Would You Change Your Dog’s Name If Nobody Could Pronounce It?

Choosing a name for a new puppy is hard enough, but what if a language barrier is thrown in, too?

Long before I actually got a dog, I had his name picked out: Howie. Of course, I couldn’t have known that I’d adopt my first dog in France and not my native Canada, or that the pronunciation of the name I had always wanted would become problematic.

“I want to name him Howie,” I told my French husband after we had picked out the tan runt from a litter of smooth-haired Miniature Pinscher/Dachshund pups.

“Owie?” my husband repeated, dropping the hard “h” sound at the beginning of the word, as is typical in the French language.

“No, HHHHowie,” I said, exaggerating the correct pronunciation and sounding like I was coughing up a hairball.



I eventually decided to renounce the name Howie, not wanting to spend years hearing my dog being called Owie, which, in my English-speaking mind, will always be synonymous with “ouchie” or “boo boo.” Instead, my husband came up with our dog’s name: Pinch. And while my English-speaking friends and family assumed it was inspired by the verb “to pinch” (which usually provokes an owie) or the cooking measurement (“a pinch”), French-speaking people automatically understood it as the diminutive form of Pinscher (the same word in French and English). My husband’s lazy attempt at finding a name for our new puppy actually worked out really well, because everyone loved the name Pinch.

Pronouncing it correctly is a different story.

I probably should have known that giving an English name to a dog born and raised in France would likely cause a few pronunciation snafus. At first, I tried to insist on the correct pronunciation of Pinch — short “i,” hard “ch” — but over the years I realized that if I didn’t want to be constantly spelling my dog’s name for people, I’d have to just have to start pronouncing it the French way. And so now, when we stop to chat with someone at the park or I take him to a new vet, I’ll introduce him as Peeensh. “Oh, like in Peeenscher!” the French person will usually respond, smiling and feeling clever as they put the name and breed of my dog together.

Surprisingly, however, not all dogs in France have French names. A quick survey of my apartment complex showed that four out of six tenants own dogs, and that all four dogs have English names: Pinch, Hulk, Cooper, and Floppy. Many French people think it is funny or trendy to name their dogs after characters from American and British pop culture. I’ve met more than a few Luckys (pronounced “Loooky”), Ladys, and Snoopys. And with the rise in popularity of the Harry Potter series came an influx of Harrys (“‘Arry”) and Hermiones (“‘Ermione”). My parents-in-law, who don’t speak a word of English, had a Terrier mix named Bill (“Beeel”) and a Shepherd mix they called Roxanne.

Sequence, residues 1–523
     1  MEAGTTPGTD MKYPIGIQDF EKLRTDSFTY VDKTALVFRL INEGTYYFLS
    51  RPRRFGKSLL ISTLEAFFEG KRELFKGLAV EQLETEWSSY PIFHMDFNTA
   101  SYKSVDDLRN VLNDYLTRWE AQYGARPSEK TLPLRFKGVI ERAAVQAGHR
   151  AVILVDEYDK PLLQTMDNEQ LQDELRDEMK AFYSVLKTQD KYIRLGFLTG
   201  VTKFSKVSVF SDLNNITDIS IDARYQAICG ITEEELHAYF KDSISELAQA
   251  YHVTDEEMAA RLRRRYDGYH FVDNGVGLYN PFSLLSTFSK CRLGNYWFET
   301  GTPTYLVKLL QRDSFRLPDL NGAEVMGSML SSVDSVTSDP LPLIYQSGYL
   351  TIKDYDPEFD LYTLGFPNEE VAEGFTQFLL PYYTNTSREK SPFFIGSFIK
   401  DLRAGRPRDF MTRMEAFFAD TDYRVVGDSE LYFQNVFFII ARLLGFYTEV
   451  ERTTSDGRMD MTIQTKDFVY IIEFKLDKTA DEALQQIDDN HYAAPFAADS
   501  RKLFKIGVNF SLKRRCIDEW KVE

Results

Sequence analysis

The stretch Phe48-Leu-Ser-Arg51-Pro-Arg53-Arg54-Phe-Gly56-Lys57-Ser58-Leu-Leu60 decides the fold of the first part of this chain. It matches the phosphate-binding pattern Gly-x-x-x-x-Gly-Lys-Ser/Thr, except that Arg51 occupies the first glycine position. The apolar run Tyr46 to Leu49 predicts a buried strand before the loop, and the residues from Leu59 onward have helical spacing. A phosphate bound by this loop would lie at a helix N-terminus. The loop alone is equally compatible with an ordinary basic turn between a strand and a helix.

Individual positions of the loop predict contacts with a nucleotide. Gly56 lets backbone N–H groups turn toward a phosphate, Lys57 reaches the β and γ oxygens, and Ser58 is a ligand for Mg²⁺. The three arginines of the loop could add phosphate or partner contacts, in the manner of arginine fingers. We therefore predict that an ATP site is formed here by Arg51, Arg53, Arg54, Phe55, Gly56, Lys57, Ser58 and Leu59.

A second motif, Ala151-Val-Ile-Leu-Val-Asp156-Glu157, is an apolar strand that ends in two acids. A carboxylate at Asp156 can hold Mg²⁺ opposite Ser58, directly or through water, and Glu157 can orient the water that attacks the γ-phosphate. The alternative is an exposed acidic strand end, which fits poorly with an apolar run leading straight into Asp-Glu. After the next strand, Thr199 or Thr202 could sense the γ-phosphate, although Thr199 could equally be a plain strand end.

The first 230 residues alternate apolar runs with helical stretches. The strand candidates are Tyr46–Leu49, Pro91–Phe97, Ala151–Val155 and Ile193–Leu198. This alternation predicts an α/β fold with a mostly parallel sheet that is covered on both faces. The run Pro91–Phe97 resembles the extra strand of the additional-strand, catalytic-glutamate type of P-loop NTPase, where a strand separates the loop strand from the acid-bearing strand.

Traditionally, in many European countries, purebred dogs are given names that start with the letter assigned to the year they were born. In France, the years follow alphabetical order, although the letters K, Q, W, X, Y, and Z are omitted because they are deemed too difficult to use. In France, for example, all registered purebred dogs born in 2012 should have been named something starting with H for the official records (the letter H presenting its own problems as I mentioned earlier). French dogs (and cats) often have long complicated registered names, but will then be called something short and easy at home.

While breeders in France usually respect the letter tradition, most French people don’t use this system to choose a name for family pets or for strays picked up and renamed by animal shelters. But for those who are stumped for a name and would like some suggestions, most veterinary clinics give out free lists of names -– one for males, one for females –- starting with the letter of the current year.

My vet clinic has a poster up in the waiting room that lists potential dog names for 2013. This year’s letter, logically, is I, and a quick look at the poster shows such possibilities as: Icecream (written as one word and for both males and females); the tongue-twisting Ispahan (male) or Ipanéma (female); and, most surprisingly, Ifyouwant (male) and Iloveyou (female). Why settle for a one-word moniker when you can name your pet a whole spaces-optional phrase?

I sometimes wonder how different this dog-owning life in France would be if I had given my French dog a French name. Would it strike the other people in the waiting room as funny or bizarre if the vet technician announced, “The vet can see Jean-Jacques Rousseau now, Madame Gibson.” What if at the dog park I was calling out for Pepé le Pew and not Peeensh?

I do love my dog’s name, and I’ve never regretted not calling him Howie. His English name stands out in France, and he’s usually the only Pinch in the system at the vet or the kennel.

This uniqueness doesn’t apply to my spouse, though, who happens to share a name with a lot of dogs. During my Frenchman’s first trip to my hometown in Ontario, Canada, we stopped to pet a beautiful blue-eyed Husky. I asked what the dog’s name was, and when the owner replied, “Max,” my husband’s smile grew even wider. “Yes!” he exclaimed, puffing up with Gallic pride. “A good French name! It is my name, too!”

Does your dog have a unique name that provokes questions or problematic pronunciation? Let us know in the comments!

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